It looks like Muni has some competition.
Boasting leather seats, Wi-Fi, a cashless payment system and comparatively fewer Epic Beard Men, San Francisco's Leap Transit is looking to provide a private alternative to the city's public transportation system.
"We're focused on creating a great commuting experience," said Leap Transit founder Kyle Kirchoff, who insisted Leap's goal is to support Muni's overburdened service rather than replace it. "We have nothing against Muni, we're not going head to head with them. We just love this city and want to do our best to make it work as efficiently as possible."
Anyone with $6 and the Leap iPhone app can order a ride, get picked up at a designated stop in their neighborhood and then be dropped off downtown in the morning only to do the reverse in the evening--well, as long as their neighborhood is the Marina.
The exact route of Leap's Marina shuttle is similar to that of Muni's 30X bus, which goes down Chestnut street, through the Broadway tunnel, across downtown and then turns around in SoMa. Leap is hoping to expand its service to other parts of the city in the near future, with portions of the Sunset now primarily served by the N-Judah being a likely candidate.
Like other "disruptive" tech-savvy transit start-ups such as Uber, Lyft and Sidecar, Leap is regulated under the umbrella of the California Public Utilities Commission rather than San Francisco's local Municipal Transportation Agency. To fit under CPUC's regulatory rebric, charter party carries can't just pick passengers up on the street, like taxis or traditional buses do, which is why Leap rides need to be ordered ahead of time through the company's iPhone app.
Muni, which is facing $320 million annual structural operating deficit, is likely to experience some serious growing pains as it attempts to expand its service in order to fill the needs of the city's swelling population.
According to a report presented to the city's Board of Supervisors' Land Use & Economic Develop Committee earlier this week, over the past decade, the overall number of Muni service hours has decreased while the city's population has increased.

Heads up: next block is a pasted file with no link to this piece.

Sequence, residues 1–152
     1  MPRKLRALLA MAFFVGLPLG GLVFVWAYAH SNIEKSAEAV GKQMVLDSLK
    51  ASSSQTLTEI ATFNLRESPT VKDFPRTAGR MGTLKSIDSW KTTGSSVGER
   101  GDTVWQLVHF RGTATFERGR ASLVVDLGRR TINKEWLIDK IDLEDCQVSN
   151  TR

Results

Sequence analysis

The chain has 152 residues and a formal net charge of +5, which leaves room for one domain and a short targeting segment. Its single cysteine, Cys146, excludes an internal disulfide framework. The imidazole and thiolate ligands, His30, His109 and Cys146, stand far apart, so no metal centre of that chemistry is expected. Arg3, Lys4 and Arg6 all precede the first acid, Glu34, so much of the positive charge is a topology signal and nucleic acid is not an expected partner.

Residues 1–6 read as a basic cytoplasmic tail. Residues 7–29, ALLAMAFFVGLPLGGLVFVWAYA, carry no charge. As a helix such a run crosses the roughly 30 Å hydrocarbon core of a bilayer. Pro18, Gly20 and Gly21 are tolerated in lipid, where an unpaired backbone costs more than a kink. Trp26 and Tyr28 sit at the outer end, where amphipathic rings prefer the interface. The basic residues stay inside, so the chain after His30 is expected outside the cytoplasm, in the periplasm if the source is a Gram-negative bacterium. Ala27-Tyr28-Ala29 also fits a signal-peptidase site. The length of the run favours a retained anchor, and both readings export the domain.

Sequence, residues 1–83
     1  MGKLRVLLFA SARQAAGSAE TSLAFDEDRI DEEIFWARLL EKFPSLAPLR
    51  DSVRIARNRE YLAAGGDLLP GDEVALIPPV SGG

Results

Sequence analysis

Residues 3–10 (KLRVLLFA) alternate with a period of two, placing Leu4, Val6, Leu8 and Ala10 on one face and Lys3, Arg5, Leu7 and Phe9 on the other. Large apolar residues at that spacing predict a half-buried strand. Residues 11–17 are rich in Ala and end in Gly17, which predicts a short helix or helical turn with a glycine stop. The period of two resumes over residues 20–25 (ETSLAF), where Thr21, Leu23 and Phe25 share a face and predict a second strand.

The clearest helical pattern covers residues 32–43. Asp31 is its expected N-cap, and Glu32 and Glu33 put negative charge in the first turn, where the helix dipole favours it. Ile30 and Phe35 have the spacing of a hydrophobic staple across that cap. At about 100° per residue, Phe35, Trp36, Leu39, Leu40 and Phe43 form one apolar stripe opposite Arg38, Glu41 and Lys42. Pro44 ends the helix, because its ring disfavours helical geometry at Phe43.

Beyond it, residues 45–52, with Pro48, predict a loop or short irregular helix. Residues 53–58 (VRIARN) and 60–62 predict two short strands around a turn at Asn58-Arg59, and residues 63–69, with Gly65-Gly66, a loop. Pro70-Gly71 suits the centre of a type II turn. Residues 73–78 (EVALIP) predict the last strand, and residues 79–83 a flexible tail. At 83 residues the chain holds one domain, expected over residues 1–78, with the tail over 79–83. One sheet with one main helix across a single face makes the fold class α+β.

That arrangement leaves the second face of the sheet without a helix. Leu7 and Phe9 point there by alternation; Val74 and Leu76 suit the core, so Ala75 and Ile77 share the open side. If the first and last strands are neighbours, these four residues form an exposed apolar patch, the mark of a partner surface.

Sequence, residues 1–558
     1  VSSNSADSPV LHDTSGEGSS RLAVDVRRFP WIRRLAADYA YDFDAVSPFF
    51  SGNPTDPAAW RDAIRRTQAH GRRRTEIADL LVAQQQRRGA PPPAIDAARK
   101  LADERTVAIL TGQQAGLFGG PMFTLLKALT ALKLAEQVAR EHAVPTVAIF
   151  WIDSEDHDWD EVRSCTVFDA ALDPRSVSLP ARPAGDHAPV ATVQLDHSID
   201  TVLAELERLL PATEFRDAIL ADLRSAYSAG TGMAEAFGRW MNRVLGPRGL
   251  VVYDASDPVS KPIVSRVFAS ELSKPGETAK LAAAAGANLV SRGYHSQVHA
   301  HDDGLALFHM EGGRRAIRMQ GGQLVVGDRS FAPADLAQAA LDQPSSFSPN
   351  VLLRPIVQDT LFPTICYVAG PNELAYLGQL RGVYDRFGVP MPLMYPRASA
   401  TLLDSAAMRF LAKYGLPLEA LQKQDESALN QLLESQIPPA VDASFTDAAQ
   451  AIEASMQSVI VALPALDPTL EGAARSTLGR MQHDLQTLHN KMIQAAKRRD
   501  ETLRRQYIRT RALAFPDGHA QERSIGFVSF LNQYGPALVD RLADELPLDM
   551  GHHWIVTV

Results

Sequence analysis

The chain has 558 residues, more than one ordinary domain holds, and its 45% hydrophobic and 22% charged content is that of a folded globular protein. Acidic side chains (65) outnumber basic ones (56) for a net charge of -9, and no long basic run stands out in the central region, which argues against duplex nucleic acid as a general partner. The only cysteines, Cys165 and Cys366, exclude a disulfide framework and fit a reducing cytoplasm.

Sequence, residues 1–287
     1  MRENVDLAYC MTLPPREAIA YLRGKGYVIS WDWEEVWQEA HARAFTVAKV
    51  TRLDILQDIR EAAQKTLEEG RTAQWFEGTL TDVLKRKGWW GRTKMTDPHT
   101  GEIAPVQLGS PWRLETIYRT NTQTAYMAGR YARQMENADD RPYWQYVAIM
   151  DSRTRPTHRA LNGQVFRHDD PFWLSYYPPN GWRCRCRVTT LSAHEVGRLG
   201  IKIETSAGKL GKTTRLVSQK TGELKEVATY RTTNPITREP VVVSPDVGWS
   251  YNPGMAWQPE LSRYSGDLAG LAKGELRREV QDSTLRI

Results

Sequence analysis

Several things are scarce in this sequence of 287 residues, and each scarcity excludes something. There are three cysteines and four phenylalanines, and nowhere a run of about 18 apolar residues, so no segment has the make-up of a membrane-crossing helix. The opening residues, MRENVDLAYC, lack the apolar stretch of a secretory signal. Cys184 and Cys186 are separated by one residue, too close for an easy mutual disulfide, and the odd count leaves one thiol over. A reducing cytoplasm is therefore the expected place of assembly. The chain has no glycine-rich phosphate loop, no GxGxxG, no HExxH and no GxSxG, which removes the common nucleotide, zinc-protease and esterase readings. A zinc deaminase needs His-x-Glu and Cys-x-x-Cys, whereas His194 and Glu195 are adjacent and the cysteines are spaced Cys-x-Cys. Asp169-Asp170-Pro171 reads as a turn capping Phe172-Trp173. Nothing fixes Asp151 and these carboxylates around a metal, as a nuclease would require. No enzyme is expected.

The report also estimated that Muni service delays, during rush-hour alone, dragged down the city's economy to the tune of $50 million per year.
While providing an alternative to Muni that isn't simply dumping more people into private automobiles will undoubtedly take some of the pressure off the city's strained public transit grid, that doesn't necessarily mean that Leap, and other services like it, are an unequivocal positive for Muni.
For years, the rapid proliferation of private corporate shuttle buses traveling between San Francisco and Silicon Valley has created a tension with Muni's public buses becuase the private shuttles often load and unload passengers at public bus stops. This has created a situation where Muni, already arguably the slowest public fleet in the nation, is forced to endure countless traffic jams at some of its most crowded bus stops.
A 2011 study conducted at the bequest of the San Francisco Board of Supervisors found that approximately 90 percent of private shuttle stops occurred at public Muni stops and often take far longer to load and unload than do public buses.
While Kirchoff admits Leap hasn't coordinated with SFMTA, he said that the company is going out of its way to attempt to accommodate the city's existing pubic transit system by keeping Leap's loading times at bus stops to under 30 seconds and instructing drivers to get out of the way when city bus has to make a stop.
Additionally, what Leap likely won't do is come anywhere close to replicating Muni's near universal reach across the city.
"Throughout the transit industry, routes aren't usually profitable," San Francisco Municipal Transportation Agency spokesman Paul Rose explained in an interview with HuffPost earlier this year. "We don't expand service in order to make more money; we do it to meet a need."
Since Leap is a private company, they're only running routes where doing so is profitable. Muni officials regularly brag about how there's a Muni stop within a two block walk of virtually any spot in the city, turning a profit with routes covering that much of the city, particularly in some of San Francisco's comparatively less dense western and southern regions, may prove difficult.
"I'd love to put 200 buses out on the road tomorrow for $2 a ticket, but we're a small company and that's just not possible," explained Kirchoff, who noted that the response to Leap's current service has been overwhelmingly positive.
The creation of private alternatives to public transpiration systems struggling to keep up with demand isn't unprecedented.
The Detroit Bus Company, a similar private alternative to the Motor City's beleaguered public bus system, links some of Detroit's most rapidly gentrifying neighborhoods with its downtown using a fleet of second-hand bio-diesel school buses was inaugurated last year.
However, not everyone is so gung-ho on the idea of a private bus system operating in San Francisco. As noted transit blogger Greg Dewar of N-Judah Chronicles predicted to Uptown Almanac, "It'll get a sh*tload of free press, it'll start up, and it will fail because they can't serve the entire city AND beat Muni. At best I see this as a snooty bus 'system' that will leave most people still stranded."
Update: "We welcome private efforts to sustain public transit in San Francisco as long as they're willing to follow traffic and safety rules," said SFMTA spokesman Paul Rose, who noted that the agency has elongated the loading zones at some highly trafficked city bus stops to accommodate private shuttle services like Leap. "There's a need for all of us to share the same roadway."